The pressure is on Donald Trump’s lawyers criticized for their ineptitude as well as Senate Republicans after House Democrats on Thursday rested their case on the third day of the former president’s second impeachment trial.
Democrats’ House Impeachment Managers laid out a series of compelling, calculating and meticulous arguments that painted a vivid picture of Trump’s systematic and steady inciting of his most violent supporters to act on his behalf. It all culminated, Democrats said, on Jan. 6 at the U.S. Capitol, with Trump’s own words urging his followers to get violent under the disingenuous auspices of protecting the country following repeated baseless claims of election fraud (aka “the big lie”).
Trump knew exactly what he was doing and saying, which is why he waited so long to address the attempted coup that has resulted in at least seven deaths, including multiple police officers, Democrats accurately said while introducing damning pieces of evidence such as previously unseen video of the right-wing extremists rumbling and defacing the Capitol.
Now, the ball is in Trump’s lawyers’ court.
Colorado Rep. Joe Neguse said there are three questions Trump’s lawyers must address as they present their case: 1) was the Capitol violence foreseeable? 2) did Trump encourage the Capitol violence? And 3) did Trump willfully encourage the Capitol violence?
The video and Twitter evidence presented by the House Impeachment Managers answers those questions affirmatively, Neguse said.
Neguse also suggested that the same thing, or worse, history is bound to repeat itself if Republicans do not convict Trump. He avoided any accountability for inciting that violence, emboldening him and his supporters alike to keep pushing forward the needle of domestic terror until Jan. 6, Neguse reasoned.
He logically concluded that the kind of violence seen at the Capitol was similar to that in Charlottesville and in Washington, D.C., where the Proud Boys defaced historic Black churches amid their violence late last year — both of which have been attributed to Trump.
Neguse ended his presentation by saying: “We humbly, humbly ask you to convict President Trump for the crime of which he is overwhelmingly guilty of. Because if you don’t, if we pretend this didn’t happen, or worse, if we let it go unanswered, who’s to say it won’t happen again?”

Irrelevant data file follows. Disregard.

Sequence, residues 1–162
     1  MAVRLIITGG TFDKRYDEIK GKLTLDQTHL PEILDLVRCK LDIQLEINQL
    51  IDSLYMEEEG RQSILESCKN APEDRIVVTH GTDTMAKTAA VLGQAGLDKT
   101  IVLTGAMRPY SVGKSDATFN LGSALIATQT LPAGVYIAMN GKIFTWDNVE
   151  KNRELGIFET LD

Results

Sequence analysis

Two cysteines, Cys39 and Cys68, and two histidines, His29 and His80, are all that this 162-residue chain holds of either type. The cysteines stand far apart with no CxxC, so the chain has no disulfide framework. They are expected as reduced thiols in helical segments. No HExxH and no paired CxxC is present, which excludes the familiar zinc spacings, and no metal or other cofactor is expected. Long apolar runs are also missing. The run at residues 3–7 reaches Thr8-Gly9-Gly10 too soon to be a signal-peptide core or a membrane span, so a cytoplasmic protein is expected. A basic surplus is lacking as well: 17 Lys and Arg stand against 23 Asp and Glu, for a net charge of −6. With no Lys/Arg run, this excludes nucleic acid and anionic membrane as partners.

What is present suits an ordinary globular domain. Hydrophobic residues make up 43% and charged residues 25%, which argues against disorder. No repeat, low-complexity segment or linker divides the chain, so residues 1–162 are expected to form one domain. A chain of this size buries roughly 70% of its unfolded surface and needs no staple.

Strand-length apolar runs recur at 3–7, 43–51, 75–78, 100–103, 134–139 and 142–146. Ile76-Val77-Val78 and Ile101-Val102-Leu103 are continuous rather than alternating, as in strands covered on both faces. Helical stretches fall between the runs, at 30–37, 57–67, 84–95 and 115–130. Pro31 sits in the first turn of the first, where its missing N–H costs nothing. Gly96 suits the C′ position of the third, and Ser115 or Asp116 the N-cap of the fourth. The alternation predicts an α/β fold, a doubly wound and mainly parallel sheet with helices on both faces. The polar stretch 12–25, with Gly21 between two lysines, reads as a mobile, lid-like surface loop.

One day earlier, Neguse’s fellow House Manager Rep. Stacey Plaskett presented video she described as “chilling” and showed never-seen-before security footage as violent rioters broke into the Capitol, along with footage of Officer Eugene Goodman leading Sen. Mitt Romney to safety.
“He fanned the flame of violence,” she said of Trump. “The violence was what he deliberately encouraged.”
Trump’s lawyers are expected to present their case beginning Friday. But since their opening arguments questioning the constitutionality of the impeachment trial went so badly for them, not much is likely expected from them.
Instead, regardless of the lawyers’ performance, it all comes down to how Senate Republicans choose to vote — to convict or to acquit. And early reporting shows that there is still a blind partisan effort to vote no out of loyalty to Trump.
Probably expecting for that to be the case, House Manager Jamie Raskin made sure in his closing arguments to appeal directly not just to the entire Senate but also to the American people. That tactic could be effective if Trump is acquitted, jeopardizing the opposing Senators’ chances at re-election by constituents who could feel let down.
After being snubbed by his first to choices of legal representation, Trump chose his B-team that includes Bruce Castor, the former Pennsylvania distrct attorney who promised Bill Cosby immunity in exchange for the testimony that was ultimately (and begrudgingly) used to convict the disgraced comedian of sexual assault.
He and Robert Schoen, who represented controversial Trump cronie Roger Stone, presented their own brief full of fallacies, falsehoods and misgivings on Day 1 of the impeachment trial.
To be sure, the conventional wisdom is that despite all of the above, Senate Republicans are united in their resolve to acquit Trump. But the political capital from the impeachment is the Democrats to bank, showing that not all would be lost for them without a conviction.